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EVENTS AND ROUNDTABLES > Roundtable > Out of the shadows


ROUNDTABLE: Leveraged finance debate

Leveraged finance debate: Out of the shadows

The emergence of direct lending funds has been a major force in the current reshaping of Europe’s credit markets. Legal Business teamed up with Debevoise & Plimpton to debate the prospects for this new breed of financiers.

You could make a perfectly credible case that what has swept through Europe’s credit markets in the last three years constitutes a key chapter in the biggest shake-up in the region’s financial sector since the deregulation of the securities industry of the 1980s.

After all, the UK’s ‘Big Bang’ reforms of 1986 ushered in the era of financial ‘supermarkets’, strengthening the hand of the foreign banking groups pouring into the City and entrenching the power of a select club of banks as dominant providers of capital for the next 20 years.

Law firms naturally responded by gearing their businesses around elite banks. In contrast, the post-Lehman years ushered in a major challenge to that dominance as banks under regulatory pressure have retrenched, leading many to scale back their lending.

In their place has emerged a new breed of ‘shadow bank’, a diverse collection of investment funds, direct lenders, and debt arms of hedge funds and buyout houses.

In particular direct lenders such as Ares Management, BlueBay Asset Management and Intermediate Capital Group have become a genuine force in leverage finance. Taken alongside the growth of Europe’s bond markets, traditional senior lenders have become less central to City finance lawyers.

Legal Business assessed this shift in its May 2014 cover feature, ‘Back in the machine’, returning to the theme in the December piece, ‘The king is dead’, which focused on the migration of deal finance professionals from banks to alternative credit providers.

This month we return to the point in a debate held with Debevoise & Plimpton to discuss the role and prospects of this new breed of credit provider.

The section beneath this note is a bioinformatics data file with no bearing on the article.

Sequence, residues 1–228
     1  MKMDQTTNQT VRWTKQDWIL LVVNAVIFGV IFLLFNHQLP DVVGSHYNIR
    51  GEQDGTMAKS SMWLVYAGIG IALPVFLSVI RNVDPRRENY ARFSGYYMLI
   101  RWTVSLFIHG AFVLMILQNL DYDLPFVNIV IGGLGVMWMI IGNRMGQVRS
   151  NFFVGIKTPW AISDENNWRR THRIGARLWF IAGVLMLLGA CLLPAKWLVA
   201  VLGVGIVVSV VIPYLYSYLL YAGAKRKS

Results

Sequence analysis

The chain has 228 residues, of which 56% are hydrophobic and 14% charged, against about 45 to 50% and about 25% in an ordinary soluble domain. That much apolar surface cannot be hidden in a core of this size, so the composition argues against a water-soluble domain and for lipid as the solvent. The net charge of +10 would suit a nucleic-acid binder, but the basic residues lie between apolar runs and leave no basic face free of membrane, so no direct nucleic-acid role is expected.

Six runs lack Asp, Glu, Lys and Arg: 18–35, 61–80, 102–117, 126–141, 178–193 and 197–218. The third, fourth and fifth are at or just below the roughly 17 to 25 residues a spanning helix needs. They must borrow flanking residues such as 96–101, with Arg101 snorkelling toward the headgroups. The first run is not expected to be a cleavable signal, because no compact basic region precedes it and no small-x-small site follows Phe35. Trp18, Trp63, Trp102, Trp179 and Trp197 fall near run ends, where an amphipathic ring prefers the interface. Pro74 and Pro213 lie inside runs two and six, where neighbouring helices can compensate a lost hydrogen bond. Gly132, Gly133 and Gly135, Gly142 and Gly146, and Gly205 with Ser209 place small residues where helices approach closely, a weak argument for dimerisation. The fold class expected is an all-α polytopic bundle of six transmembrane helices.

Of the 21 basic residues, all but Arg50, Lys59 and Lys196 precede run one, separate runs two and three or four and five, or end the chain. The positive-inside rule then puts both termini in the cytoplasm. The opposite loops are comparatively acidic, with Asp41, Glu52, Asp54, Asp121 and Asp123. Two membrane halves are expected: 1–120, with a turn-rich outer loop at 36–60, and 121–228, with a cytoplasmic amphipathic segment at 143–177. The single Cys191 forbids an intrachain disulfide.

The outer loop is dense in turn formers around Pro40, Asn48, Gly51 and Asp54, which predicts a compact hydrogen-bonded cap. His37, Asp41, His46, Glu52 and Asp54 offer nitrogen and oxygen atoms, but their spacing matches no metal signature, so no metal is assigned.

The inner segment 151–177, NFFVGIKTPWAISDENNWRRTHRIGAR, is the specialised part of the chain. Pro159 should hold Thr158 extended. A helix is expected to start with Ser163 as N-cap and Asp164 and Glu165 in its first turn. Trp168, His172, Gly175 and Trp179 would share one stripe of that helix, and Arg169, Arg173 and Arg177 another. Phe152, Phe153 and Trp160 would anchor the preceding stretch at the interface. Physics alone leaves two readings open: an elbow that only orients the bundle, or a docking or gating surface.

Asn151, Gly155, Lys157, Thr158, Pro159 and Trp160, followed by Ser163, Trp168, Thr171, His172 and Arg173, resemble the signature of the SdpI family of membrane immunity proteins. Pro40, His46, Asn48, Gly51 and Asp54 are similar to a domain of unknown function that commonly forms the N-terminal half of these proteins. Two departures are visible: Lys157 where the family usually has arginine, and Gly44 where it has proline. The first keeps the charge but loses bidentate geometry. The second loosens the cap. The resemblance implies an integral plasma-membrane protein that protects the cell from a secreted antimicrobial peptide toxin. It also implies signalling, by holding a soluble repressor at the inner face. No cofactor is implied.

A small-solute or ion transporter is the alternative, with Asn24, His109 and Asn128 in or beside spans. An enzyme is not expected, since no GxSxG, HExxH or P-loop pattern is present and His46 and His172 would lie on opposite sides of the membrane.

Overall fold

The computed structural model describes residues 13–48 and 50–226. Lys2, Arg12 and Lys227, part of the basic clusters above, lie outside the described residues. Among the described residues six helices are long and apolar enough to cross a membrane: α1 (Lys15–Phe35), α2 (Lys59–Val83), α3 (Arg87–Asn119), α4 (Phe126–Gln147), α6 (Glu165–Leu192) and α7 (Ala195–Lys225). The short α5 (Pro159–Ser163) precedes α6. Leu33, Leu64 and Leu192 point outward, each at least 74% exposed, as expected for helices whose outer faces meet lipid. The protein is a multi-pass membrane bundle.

We also address the basic question for advisers: should they be trying to cultivate the Hayfins and BlueBays at the expense of traditional banking contacts? For a number of lawyers, the answer to that question appears to be a resounding yes.

Alex Novarese, Legal Business: This is a hot topic in corporate finance circles. Let’s start with the obvious question: direct lending funds – have they reached a plateau or is this just the start?

Klaus Petersen, BlueBay Asset Management: This is just the start. If we look at Ares – sort of the mother of all direct lending – they have been in Europe a couple of years already and started this. Hayfin was next and then it was us coming. Currently, it is just booming in EMEA: the interest on the institutional side has started. If you look two years back, direct lending was a word that nobody would understand in Europe. There is now a constant inflow of new transactions too, so you have a demand side for the product and you have an interested investor base. All the big asset managers these days are starting to do direct lending in Europe too. Kohlberg Kravis Roberts has announced it; everybody who is established is taking this up.

Alex Novarese: Where does the money typically come from?

Klaus Petersen: The first one we had was 60% institutional and 40% everything else, from high-net individuals, family offices… It has shifted: now the majority interest is big institutions who have allocated some bucket to this asset class.

Matthew Theodorakis, Ares Management: Ares’ European direct lending team primarily invests out of its current ACE II fund, along with other managed accounts and capital programmes, totalling approximately €7bn of assets under management.

Alex Novarese: Is it primarily refinancing or new money deals?

Matthew Theodorakis: Primarily refinancing and recapitalisations. We do a lot of M&A financing as well, but it seems to be, at least in the alternative lender and credit market, that the banks are competitive in the M&A processes.

Alex Novarese: What has fuelled this market over the last two years?

David Culpan, Sun European Partners: It is a chase for yield. If investors feel they cannot make a suitable return in the high-yield market and mezzanine has died off, they look at alternative investments. People are looking for other pools of capital in which to invest, and unitranche and alternative lending is the growth area.

Mark Fine, Sankaty Advisors: The market for credit products continues to be interesting for investors, reflected by the strong, growing demand we are seeing. It is normally senior secured debt and you are potentially looking at attractive returns.

Alex Novarese: Is it also related to regulatory constraints on banks?